Knock-on effect of MNC hiring practices
In their survey of manufacturing firms in China, the authors found that local affiliates of MNCs typically employ more female workers compared to Chinese firms in the same industry. If the MNC’s home country is more gender-equal, the result is more pronounced. Naturally, local companies in the same industry study the newcomers and scrutinize their practices, including hiring policies.
The authors then examined whether local firms started to employ greater numbers of women workers, emulating the MNC affiliates. The authors expected to find that this would be the case. “We hypothesize that domestic firms, after observing the decisions and outcomes of FIEs in the same market (industry or city), will update their beliefs about female workers,” wrote the authors.
The results of their study showed that the more MNCs present, the higher the number of women employed by a local firm in the same industry or city. “…we find evidence that domestic firms respond to increased Foreign Direct Investment by employing more women, probably due to imitation,” said the authors. “Such cultural spill overs are stronger in the more female labour-intensive industries.”
Learning to promote women
While western countries may often have a higher level of gender equality than is the case in China, they are far from perfect. The lower likelihood of promotion for women compared to men is well documented in western countries. Nonetheless, women working for MNCs in countries with higher gender equality than China stand a better chance of being promoted to managerial positions in the affiliate’s host country than women in local companies.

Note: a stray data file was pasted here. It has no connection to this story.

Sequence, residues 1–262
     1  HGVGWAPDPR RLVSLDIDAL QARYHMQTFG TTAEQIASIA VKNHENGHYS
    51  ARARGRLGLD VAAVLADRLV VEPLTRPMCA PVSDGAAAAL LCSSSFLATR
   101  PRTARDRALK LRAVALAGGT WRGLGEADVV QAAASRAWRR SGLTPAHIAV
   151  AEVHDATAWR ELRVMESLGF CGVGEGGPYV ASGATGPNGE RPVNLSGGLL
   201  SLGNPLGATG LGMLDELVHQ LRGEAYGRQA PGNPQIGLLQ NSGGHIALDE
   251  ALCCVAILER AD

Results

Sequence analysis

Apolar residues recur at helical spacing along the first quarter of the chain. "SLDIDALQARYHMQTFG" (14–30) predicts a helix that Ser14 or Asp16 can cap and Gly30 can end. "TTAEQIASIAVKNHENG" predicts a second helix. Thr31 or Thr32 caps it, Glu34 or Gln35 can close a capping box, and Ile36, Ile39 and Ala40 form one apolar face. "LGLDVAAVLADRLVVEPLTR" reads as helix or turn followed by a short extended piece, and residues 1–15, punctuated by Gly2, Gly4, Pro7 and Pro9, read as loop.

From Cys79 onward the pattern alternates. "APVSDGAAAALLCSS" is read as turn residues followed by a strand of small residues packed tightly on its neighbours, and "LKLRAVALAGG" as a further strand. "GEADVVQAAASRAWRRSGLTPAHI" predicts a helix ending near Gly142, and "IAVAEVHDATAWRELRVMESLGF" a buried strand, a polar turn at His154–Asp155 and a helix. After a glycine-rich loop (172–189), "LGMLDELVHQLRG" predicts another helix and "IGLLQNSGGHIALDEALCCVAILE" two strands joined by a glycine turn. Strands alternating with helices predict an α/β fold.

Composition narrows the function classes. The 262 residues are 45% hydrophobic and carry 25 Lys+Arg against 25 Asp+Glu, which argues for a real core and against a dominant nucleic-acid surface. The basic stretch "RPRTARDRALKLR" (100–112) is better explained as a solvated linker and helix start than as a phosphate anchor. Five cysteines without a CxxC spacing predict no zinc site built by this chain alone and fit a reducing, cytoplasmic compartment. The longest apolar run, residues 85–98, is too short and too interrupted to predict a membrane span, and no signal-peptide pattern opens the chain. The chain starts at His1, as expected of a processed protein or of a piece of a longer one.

As well as having more women workers, MNC affiliates are also more likely to have a higher number of female managers. Perhaps that is not surprising—as mentioned earlier, MNCs that adopt gender-equal policies in their home country are likely to bring these with them when setting up affiliates abroad. The situation is different for local companies, with fewer women managers, but here again, the authors found that local companies change their behaviour after learning successful practices from MNCs. Local firms are more likely to hire female workers and are also more likely to promote them to managerial level when there are more MNCs in the same industry or the same city.
More women for greater productivity gains
The research reports a win-win result that Chinese manufacturing firms gain a 5 percent increase in productivity if they change their gender hiring bias and recruit more women. “After fully eliminating gender discrimination by setting the female-to-male labour ratios of all firms to the benchmark based on the corresponding US industry, we find that China’s aggregate manufacturing total productivity factor (TFP) increases by about 5 percent […]” they write.
The study also shows that one of the lesser-known impacts of globalization is its ability to change gender norms, and to do that quite quickly. Closing gender gaps observed in some developing countries could be partly due to the impact of changed gender policies learned from MNCs, suggest the authors, bringing unexpected benefits for gender equality.
Fear missing out on the potential for substantial productivity gains due to biases in hiring practices? Fortunately, the study shows that these biases can be unlearnt and removed, bringing benefits to both women and companies.
About this Research
Tang, H., & Zhang, Y. (2021). Do multinationals transfer culture? Evidence on female employment in China. Journal of International Economics, 133, 103518.
 McKinsey. “Diversity Wins, How Inclusion Matters.” 19 May 2020.https://www.mckinsey.com/featured-insights/diversity-and-inclusion/diversity-wins-how-inclusion-matters
 Brahma S. et al. “Board gender diversity and firm performance: The UK evidence.” 19 July 2020. https://onlinelibrary.wiley.com/doi/full/10.1002/ijfe.2089